I was a bit sloppy in my wording. I meant something like what you did there. You will need to know for each mole of each atom how many moles of O2 you need.

    That's another way to proceed, instead of starting with mole ratios. But be careful: does having 846g of C and forming 95% CO2 mean that you form 803.7g of CO2?
     
  6. Nov 28, 2014 #5
    If we start with mole ratios I would then have:
    846 g of C / 12.01 g/mol = 70.44 moles C
    111.2g of H / 1.00 g/mol = 111.2 moles H
    19.5g of S / 32.07 g/mol = 0.61 moles S
    23.3g of inerts -> don't know moles because we don't know what the inerts contain.

    the 846 g of C or 70.44 moles would mean that within the CO2 we have 803.7 g of C, but we don't know how much O2.

    So if we look at the equations then
    S + H2 + 2O2 -> SO2 + 2H2O
    3C + 2O2 -> CO2 + 2CO

    Could we say that we need 4O2 molecules to react in order to get the products described. I am not sure where to proceed from here though. We know the S and H in the first equation so we could determine using a mole ratio the amount of moles of O2 on a 1:2 ratio. Same with the 2nd equation on a 3:2 ratio from C. Then we could determine the total moles of O2 reacted and use that to find the volume of air? Could we then use PV=nRT since we know the temp is 190degreesC and enters the furnace at a gauge pressure of 225 mm Hg. Now that we have moles we solve for volume? And since we initally started with a basis of 1kg of fuel, that would represent the amount of O2 in 1 kg oil?
    Then the outputs we could again use ratios to determine the amount produced from the inputs?
     
  7. Nov 28, 2014 #6

    DrClaude

    User Avatar

    Staff: Mentor

    Good.

    I don't understand what you are trying to do here. I suggest you keep everything in moles for now.

    Separate all the "reactions":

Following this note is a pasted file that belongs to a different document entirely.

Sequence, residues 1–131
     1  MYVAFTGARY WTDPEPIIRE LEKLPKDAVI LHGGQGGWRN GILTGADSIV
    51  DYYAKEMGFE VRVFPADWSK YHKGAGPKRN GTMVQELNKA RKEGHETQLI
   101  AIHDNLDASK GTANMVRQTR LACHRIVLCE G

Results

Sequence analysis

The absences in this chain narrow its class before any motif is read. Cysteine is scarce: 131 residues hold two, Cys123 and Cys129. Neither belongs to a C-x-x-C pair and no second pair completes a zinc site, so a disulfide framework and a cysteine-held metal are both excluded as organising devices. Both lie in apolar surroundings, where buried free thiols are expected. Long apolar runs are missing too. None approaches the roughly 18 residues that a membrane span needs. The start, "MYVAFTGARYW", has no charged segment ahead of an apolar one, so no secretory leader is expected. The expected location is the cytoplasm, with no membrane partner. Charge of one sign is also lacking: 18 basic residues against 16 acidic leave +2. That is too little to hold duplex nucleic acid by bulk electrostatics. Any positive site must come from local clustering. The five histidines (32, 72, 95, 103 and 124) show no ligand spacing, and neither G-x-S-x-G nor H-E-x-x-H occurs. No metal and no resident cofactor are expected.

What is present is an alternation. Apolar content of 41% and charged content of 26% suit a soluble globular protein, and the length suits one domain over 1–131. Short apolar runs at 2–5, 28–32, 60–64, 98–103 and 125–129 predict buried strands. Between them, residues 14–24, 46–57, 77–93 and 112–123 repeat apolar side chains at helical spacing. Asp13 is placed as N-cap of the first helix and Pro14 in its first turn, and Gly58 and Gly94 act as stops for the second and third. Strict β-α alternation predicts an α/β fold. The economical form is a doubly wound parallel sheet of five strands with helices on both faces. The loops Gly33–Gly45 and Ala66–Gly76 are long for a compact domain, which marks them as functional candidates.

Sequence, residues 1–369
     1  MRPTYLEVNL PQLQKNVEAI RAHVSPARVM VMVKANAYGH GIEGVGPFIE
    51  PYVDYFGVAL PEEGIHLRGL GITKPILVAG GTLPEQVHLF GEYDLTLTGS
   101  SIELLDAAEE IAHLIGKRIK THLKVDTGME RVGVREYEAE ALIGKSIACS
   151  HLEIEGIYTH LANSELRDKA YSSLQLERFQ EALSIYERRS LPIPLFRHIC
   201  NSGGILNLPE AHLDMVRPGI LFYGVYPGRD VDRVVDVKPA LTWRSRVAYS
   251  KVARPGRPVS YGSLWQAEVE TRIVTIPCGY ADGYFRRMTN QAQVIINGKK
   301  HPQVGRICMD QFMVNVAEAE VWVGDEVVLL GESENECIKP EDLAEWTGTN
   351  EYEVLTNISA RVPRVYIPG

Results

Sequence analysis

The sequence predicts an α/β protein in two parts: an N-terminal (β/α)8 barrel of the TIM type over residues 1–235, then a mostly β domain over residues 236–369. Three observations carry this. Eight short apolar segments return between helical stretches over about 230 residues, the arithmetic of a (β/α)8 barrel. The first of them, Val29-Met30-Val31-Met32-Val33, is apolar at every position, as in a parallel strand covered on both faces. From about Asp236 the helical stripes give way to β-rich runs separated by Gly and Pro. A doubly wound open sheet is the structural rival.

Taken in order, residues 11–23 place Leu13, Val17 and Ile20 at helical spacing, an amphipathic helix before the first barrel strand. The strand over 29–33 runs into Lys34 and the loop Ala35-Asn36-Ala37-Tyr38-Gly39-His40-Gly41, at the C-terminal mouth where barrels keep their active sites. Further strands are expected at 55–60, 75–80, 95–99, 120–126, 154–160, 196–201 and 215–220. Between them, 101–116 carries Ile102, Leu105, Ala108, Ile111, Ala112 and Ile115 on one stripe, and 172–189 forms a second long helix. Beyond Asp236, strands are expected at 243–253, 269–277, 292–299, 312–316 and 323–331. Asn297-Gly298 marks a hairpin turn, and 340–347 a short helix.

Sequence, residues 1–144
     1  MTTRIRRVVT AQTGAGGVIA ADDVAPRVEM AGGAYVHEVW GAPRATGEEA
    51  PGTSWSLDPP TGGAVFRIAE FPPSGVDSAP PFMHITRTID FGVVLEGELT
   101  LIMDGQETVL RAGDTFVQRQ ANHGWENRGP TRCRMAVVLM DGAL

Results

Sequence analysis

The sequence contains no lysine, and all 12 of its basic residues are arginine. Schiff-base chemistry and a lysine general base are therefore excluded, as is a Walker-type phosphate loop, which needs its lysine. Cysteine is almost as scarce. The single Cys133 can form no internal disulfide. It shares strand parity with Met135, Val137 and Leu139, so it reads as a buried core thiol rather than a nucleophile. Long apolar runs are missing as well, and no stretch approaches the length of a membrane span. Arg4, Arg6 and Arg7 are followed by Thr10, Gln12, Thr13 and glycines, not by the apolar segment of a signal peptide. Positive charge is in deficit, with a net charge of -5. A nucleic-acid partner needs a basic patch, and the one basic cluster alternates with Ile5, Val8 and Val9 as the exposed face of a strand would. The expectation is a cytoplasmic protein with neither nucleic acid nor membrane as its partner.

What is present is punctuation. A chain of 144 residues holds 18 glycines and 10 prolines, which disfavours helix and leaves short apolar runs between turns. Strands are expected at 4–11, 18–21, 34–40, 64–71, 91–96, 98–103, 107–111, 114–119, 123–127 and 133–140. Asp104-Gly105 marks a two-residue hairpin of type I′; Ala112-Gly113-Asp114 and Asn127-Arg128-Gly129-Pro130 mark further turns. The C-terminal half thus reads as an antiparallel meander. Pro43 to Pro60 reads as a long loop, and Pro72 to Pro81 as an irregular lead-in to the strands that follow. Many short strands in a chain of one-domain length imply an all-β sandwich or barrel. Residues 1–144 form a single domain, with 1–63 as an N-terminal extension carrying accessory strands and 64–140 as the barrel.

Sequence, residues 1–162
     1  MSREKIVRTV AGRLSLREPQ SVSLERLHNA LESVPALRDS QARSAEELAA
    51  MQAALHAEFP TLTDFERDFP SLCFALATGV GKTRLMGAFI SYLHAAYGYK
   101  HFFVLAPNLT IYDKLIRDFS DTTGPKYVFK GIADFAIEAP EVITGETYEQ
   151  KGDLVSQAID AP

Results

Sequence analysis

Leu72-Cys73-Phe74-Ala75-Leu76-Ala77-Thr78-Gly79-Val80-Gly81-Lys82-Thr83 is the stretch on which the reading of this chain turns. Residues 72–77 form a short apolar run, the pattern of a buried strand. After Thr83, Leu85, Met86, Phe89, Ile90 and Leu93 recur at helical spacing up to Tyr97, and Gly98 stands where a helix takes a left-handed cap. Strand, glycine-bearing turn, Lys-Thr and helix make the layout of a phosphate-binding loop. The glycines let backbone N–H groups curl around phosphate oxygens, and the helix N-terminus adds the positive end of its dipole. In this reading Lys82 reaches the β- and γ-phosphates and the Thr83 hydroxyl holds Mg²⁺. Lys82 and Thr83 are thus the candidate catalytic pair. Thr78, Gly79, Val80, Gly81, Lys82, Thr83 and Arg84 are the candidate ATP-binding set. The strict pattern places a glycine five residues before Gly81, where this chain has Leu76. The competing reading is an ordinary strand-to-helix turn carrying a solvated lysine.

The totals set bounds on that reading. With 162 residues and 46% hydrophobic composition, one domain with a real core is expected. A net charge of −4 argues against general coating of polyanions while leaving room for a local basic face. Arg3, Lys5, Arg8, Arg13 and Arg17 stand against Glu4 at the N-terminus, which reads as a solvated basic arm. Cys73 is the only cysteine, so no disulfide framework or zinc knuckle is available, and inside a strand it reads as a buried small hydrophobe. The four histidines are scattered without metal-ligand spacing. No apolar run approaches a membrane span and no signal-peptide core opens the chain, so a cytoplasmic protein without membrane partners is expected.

S + O2 → SO2
    2H + 1/2 O2 → H2O
    C + O2 →CO2
    C + O →CO

    Can you figure out how many moles of O2 are needed per kg fuel?

    Did you mean "that would represent the amount of O2 needed for 1 kg oil"? Otherwise, that sounds good! And don't forget that you are given the gauge pressure and that there is excess air.
     
  8. Nov 28, 2014 #7
    So if we have:
    S + O2 → SO2 S=0.61 moles thus 1:1 ratio so 0.61 moles of O2
    2H + 1/2 O2 → H2O H=111.2 moles thus 2:1/2 ratio so 27.8 moles O2
    C + O2 →CO2 here we know 95% of the C went to CO2 and 1:1 ratio so 66.92 moles O2
    C + O →CO here 5% of C went to CO so 1:1 ratio so 3.52 moles O2
    So total we know there is 0.61 + 27.8 + 66.92 + 3.52 =98.85 total moles of O2 per kg of fuel

    PV=nRT
    V=nRT/P
    V=(98.85moles)*(0.0821 liter·atm/mol·K)*(463K)/ (0.296 atm)
    V=12694.3 L
    V=12.69m^3 O2 per kg of oil

    Does that seem right?
     
  9. Dec 2, 2014 #8

    DrClaude

    User Avatar

    Staff: Mentor

    You made an error here.

    What does "gauge pressure" mean?
     
  10. Dec 2, 2014 #9
    You forgot to account for the nitrogen in the air, and you forgot to multiply by 4/3 to account for the excess air.

    Chet
     
Know someone interested in this topic? Share this thread via Reddit, Google+, Twitter, or Facebook

Have something to add?
Draft saved Draft deleted



Similar Discussions: Feed Ratio and Mole fraction outut
  1. Vapor Fraction (Replies: 1)

  2. Gear Ratio (Replies: 1)

Loading...